For some people, there is a criterion that is more important than any other when choosing a canteen saw. Greatness! Not everyone has the opportunity to work in large, open and spacious workshops where the office saw takes up a lot of space with the space around it. There are amazing examples of small, compact and surprisingly organized workshops where carpenters had to adapt to what they had. In many of these small workshops you will find beautiful, compact and multifunction table saws.
It’s not just a small carpentry workshop where every inch of space counts. The mobile carpenter and the contractor have to move their table saw from the workstation to the workstation and have a small, light, fast and accurate adjustable object.
What is the best table saw?
Height and weight
So when it comes to small table saws, I can think of a few:
The Bosch GTS1031 and the DeWalt DWE7480XA are the two lightest and smallest table saws to date. The DEW7480XA weighs 48 pounds (this without the standard), while the GT1031 is slightly heavier, but still a very respectable 52 pounds. Now, I don’t want to walk with them for long, but they’re probably the two lightest saws out there, and they should be pretty easy to move.
Both saws also have small areas for table saws. The GTS1031 measures 22 1/2 inch x 20 inch and the DWE7480XA 22 inch x 23 inch. The DWE7480XA deserves a special mention because even with its small retractable tabletop it is able to tear a layer up to 24 inches so that it can tear a normal-sized sheet in half.
The Bosch GTS1031 has a one-piece steel base and a frame that looks a bit like a swivel cage for your saw. It protects the controls and levers, as well as the engine and internal mechanisms. This protects your saw during transport and also makes it easy to store your saw horizontally or vertically if there is free space in your workshop [/fusion_text] [fusion_text].
Engine and power
As you would expect from a portable table saw, the GTS1031 and DWE7480XA use 15 amp direct drive brush motors, and it’s good to see two excellent examples of this type of saw. The Bosch GTS1031 is equipped with a very impressive 4 HP engine that runs at 5000 rpm. It’s really suitable for the job, and for a saw that costs $350, you can’t ask for much more.
The DeWalt machine is no less impressive. It is strong enough to handle most materials and runs at 4800 rpm [/fusion_text] [fusion_text].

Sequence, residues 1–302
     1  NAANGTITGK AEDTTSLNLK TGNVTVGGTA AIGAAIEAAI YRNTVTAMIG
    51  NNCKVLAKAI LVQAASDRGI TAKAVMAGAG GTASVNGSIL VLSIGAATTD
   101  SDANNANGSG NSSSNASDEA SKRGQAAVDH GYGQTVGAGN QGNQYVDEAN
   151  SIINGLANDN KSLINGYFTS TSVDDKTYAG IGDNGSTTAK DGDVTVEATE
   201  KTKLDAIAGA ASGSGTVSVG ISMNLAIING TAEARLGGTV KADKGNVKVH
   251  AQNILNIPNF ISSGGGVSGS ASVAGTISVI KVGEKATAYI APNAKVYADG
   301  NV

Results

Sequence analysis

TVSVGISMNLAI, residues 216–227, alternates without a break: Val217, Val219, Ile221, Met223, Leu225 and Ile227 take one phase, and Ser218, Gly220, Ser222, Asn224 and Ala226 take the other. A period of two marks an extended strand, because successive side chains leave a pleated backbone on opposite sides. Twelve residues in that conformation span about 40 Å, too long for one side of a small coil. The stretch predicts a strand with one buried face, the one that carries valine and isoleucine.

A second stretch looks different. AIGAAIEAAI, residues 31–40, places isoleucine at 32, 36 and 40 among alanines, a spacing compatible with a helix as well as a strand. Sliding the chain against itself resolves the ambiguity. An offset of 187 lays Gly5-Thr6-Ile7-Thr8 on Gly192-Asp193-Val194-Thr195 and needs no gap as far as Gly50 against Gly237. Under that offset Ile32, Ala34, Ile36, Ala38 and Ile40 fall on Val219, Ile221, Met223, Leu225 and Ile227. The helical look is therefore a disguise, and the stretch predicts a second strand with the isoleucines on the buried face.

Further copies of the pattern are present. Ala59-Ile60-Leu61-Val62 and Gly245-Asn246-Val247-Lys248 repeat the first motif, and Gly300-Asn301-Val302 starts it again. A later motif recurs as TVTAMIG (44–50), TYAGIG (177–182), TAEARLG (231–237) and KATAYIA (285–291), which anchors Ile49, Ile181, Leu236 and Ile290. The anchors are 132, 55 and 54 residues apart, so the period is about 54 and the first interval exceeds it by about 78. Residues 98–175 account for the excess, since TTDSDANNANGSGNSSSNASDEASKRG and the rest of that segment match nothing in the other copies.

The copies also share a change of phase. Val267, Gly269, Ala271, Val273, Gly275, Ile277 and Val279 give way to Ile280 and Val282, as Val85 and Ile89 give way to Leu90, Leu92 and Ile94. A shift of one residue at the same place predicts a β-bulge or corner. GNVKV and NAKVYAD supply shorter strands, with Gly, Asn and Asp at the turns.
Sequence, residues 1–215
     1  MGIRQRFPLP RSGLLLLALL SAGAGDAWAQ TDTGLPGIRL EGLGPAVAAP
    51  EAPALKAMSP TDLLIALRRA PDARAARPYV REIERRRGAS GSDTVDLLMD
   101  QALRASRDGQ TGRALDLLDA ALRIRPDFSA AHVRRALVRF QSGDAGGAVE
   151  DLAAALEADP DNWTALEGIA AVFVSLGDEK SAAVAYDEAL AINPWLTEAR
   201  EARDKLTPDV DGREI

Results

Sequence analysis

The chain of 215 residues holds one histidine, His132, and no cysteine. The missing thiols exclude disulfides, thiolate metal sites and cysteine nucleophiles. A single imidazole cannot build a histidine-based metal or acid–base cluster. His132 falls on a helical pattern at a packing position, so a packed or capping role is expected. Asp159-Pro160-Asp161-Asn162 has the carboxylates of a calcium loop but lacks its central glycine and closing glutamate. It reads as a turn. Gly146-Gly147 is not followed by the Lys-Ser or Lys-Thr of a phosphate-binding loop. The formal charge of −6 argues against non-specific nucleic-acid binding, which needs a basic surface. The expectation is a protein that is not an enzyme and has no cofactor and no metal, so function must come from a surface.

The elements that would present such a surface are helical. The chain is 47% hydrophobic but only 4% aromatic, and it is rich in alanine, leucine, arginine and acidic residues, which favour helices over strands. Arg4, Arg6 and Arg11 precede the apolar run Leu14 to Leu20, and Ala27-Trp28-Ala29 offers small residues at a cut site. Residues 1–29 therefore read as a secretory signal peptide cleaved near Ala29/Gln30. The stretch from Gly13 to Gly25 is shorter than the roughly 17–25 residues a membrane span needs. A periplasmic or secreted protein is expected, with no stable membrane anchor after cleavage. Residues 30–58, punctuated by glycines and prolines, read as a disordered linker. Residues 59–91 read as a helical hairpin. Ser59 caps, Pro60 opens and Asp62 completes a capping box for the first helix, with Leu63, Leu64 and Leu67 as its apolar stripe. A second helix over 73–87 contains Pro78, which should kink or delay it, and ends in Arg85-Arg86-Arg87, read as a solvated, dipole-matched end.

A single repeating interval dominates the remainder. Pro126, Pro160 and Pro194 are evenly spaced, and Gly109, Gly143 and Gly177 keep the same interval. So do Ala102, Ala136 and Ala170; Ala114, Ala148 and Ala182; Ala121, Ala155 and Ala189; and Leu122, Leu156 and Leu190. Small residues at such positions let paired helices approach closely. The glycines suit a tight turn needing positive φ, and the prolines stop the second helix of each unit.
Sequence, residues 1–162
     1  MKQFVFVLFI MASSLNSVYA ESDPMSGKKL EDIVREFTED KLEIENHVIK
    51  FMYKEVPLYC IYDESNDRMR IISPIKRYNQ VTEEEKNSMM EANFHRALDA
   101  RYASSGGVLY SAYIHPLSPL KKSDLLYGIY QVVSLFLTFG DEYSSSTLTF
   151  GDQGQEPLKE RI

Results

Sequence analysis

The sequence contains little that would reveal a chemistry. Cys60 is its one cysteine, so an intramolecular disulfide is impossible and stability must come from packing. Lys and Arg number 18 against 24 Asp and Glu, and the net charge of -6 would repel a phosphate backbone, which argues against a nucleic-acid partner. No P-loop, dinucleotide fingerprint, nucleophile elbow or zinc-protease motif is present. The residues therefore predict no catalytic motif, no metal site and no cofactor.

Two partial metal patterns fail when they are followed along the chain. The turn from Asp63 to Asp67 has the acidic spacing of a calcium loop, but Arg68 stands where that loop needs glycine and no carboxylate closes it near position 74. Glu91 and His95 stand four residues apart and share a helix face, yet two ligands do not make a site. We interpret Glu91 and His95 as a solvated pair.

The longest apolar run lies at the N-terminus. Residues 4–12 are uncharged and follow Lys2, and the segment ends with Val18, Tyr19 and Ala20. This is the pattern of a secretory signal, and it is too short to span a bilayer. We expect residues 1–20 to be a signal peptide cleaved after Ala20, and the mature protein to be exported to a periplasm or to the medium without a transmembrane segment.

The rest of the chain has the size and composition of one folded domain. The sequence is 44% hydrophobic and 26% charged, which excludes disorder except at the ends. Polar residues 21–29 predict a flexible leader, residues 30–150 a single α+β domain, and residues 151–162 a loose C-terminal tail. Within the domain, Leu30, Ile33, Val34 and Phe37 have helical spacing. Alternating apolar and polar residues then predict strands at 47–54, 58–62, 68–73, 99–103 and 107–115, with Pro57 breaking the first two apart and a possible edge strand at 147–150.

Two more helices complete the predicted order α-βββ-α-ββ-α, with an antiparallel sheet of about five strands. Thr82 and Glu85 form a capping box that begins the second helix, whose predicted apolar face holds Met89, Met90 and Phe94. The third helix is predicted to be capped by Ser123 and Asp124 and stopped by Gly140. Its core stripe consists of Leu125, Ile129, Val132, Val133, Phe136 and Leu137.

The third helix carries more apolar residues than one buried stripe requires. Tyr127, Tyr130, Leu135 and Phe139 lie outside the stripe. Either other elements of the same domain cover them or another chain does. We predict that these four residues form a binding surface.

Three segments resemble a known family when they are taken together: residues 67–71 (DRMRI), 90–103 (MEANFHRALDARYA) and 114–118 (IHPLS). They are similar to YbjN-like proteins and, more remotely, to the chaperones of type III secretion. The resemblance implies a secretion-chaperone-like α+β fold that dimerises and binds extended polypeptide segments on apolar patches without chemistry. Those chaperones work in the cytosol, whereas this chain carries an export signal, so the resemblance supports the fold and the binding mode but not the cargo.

These saws have been designed with portability in mind, so it’s nice to see that they both have the capacity to safely store all the accessories, such as the sleeve, the blade guard, the pressure blocks and the blade change key.
Both saws have a very efficient and precise fence. DeWalt uses a highly intelligent rack and pinion type plug that adapts precisely and smoothly to the blade. Bosch comes with a brilliant square lockable fence system. The fence slides easily along the measuring rail. Just press a button on the fence and it’s perfectly fixed at right angles. The force is applied to the front and back of the fence, so you can be sure that it will not move [/fusion_text] [fusion_text].
So, considering which saw to choose. For me I would choose the Bosch GTS1031. This is the cheapest saw here ($350 at the time of writing) and it fits my style of woodworking. Usually I like to work in a workshop, but there are times when I want to move the saw to a construction site. The engine is powerful and cuts everything I need without any problem. He also takes a stacked dado sheet, which is great with this little saw. The saw itself now has a maximum machining capacity of 18 inches, which is less than DeWalt’s, and there may be times when I have to tear material in half at full size, so I would build a custom-made feeding table and fence to use this saw in the shop.
The DeWalt DWE7480XA is a great saw, and DeWalt has managed to enhance its incredibly popular 745 model. It would be my choice if you needed the wider digging power that DeWalt offers, without having to build your own tables and fences. You should know that the DWE7480XA does not accept the dado stack blade, the axis of the blade is not long enough [/fusion_text] [fusion_text].
Get the most out of your small table saw
Andrew Bettschman is an Ohio carpenter who custom made this shiny tabletop for his portable table saw. By abandoning the standard fence and adding a special fence, he has created a huge space where he can cut a wide range of materials. And best of all, the saw is always mobile in case Andrew has to move it from the workplace.
Table of user-defined outgoing currents
Table of user-defined outgoing currents
You can see more pictures of Andrew at the lumberjacks.
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